England's top cricket administrator may feel young people no longer care about cricket, but the man running the sport's global governing body is adamant youth interest is rising worldwide.
And David Richardson, the chief executive of the International Cricket Council, added that that next year's World Cup in England and Wales represents a brilliant opportunity to prove the doubters wrong.
Colin Graves, the England and Wales Cricket Board chairman, sparked controversy with his recent comment that young people "are just not attracted to cricket". It appeared he was trying to justify the proposed introduction of a new 100-ball format into the English game in 2020.
But many cricket lovers were aghast at Graves's seeming lack of faith in his own sport, while others were equally dismayed by what they saw as a slap in the face for various youth cricket initiatives, including those of the ECB itself.
Photographs of young fans enjoying themselves at various English county grounds and other games started appearing on Twitter in response to Graves's statement.
Richardson, too diplomatic to join in the criticism, was nevertheless keen to defend cricket's appeal to the next generation while speaking in London on Wednesday at an event marking a year to the start of the 2019 World Cup.
"That is very much an English viewpoint," Richardson said, when asked about Graves's comments.
"Globally we are seeing in our sport, compared to other sports, the average age of the fan is lower than even football and certainly rugby.
"Market by market, it varies widely -- in England, I think, there is a bit of a challenge making sure we re-engage with the youth and grow the game from a participation point of view -- but elsewhere in the world, it is quite positive."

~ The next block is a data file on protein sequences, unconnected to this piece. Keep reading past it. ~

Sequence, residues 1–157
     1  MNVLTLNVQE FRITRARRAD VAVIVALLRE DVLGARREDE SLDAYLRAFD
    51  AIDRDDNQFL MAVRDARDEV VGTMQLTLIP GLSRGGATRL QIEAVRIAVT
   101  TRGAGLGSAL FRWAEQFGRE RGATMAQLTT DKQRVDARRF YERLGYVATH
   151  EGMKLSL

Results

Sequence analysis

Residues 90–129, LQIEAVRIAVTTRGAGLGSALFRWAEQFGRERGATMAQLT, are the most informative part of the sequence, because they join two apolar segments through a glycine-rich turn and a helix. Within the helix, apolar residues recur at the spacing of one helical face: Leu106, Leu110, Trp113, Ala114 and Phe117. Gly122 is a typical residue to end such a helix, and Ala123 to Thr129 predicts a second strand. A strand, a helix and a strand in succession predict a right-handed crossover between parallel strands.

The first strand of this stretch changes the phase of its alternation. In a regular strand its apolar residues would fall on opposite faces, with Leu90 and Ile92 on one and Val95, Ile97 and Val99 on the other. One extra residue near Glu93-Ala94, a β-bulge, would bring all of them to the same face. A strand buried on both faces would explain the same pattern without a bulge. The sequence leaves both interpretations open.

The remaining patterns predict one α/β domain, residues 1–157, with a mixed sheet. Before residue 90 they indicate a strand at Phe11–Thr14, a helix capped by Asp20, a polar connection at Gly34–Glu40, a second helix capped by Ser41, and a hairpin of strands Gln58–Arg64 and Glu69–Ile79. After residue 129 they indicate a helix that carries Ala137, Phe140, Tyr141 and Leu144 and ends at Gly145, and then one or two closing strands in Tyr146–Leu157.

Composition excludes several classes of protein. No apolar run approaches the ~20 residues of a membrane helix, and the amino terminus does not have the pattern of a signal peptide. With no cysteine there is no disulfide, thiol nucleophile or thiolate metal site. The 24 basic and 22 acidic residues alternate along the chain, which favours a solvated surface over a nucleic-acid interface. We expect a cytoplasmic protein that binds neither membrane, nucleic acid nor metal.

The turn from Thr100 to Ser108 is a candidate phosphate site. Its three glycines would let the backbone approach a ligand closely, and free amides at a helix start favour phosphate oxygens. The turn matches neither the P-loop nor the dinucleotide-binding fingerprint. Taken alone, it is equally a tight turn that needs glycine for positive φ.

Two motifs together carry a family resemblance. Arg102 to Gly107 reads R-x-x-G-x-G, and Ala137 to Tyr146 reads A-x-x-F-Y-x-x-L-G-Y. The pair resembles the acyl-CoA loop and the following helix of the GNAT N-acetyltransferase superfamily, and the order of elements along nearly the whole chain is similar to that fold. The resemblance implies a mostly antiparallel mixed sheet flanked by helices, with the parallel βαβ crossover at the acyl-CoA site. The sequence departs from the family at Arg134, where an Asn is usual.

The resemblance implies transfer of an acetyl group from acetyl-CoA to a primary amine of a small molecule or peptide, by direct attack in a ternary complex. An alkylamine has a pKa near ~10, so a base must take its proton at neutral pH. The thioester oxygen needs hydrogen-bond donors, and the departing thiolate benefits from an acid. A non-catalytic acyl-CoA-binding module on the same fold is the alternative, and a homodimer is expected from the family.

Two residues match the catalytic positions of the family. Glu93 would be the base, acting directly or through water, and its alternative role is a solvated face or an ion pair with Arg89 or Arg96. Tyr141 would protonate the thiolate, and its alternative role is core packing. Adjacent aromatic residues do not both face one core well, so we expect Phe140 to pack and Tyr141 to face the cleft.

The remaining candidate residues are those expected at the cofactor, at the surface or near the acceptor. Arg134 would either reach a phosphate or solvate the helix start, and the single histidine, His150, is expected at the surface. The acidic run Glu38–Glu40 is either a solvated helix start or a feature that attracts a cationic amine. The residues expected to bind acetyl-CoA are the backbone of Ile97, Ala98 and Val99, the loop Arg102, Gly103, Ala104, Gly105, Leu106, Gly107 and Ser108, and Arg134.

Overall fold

- No 'appetite' for new format -
Meanwhile Richardson, while noting domestic limited-overs cricket had been played in a variety of formats down the years, was in no hurry to add the 100-ball game to an international schedule already groaning under the weight of Tests, one-day internationals and Twenty20s.
"Our strategy is clear in that we've got three formats of the same game, which is challenging in itself to keep them from cannibalising each other," he said.
"But what it does do is provide us an opportunity to provide an offering to everybody, every type of cricket fan, from the traditional old Test cricket fan to a youngster who wants something to be happening every ball.
"And the 50-over version, I think, is that perfect fit between Test and T20. It provides a perfect day's entertainment, we've seen that around the world - it is very popular elsewhere in the world -- and the World Cup has got that prestige which I think will help cement 50-over cricket's popularity well into the future."
"But certainly there isn't an appetite to increase and create another format," the former South Africa wicket-keeper explained.
Asked if the ECB, which successfully staged both the Champions Trophy and the Women's World Cup last year, needed help from the ICC in marketing the World Cup, Richardson replied: "We don't need to hold their hand or do anything (like that). They are quite capable themselves, I'm sure.
"But the bottom line is that this does present a huge opportunity -- and we saw it with the Women's World Cup -- to attract a new audience to get people enthused who weren't necessarily going to cricket matches season after season.
"I think there is a huge opportunity in having an event in your own country."
International Cricket Council chief executive David Richardson said it was an "English viewpoint" that young people are not attracted to cricket.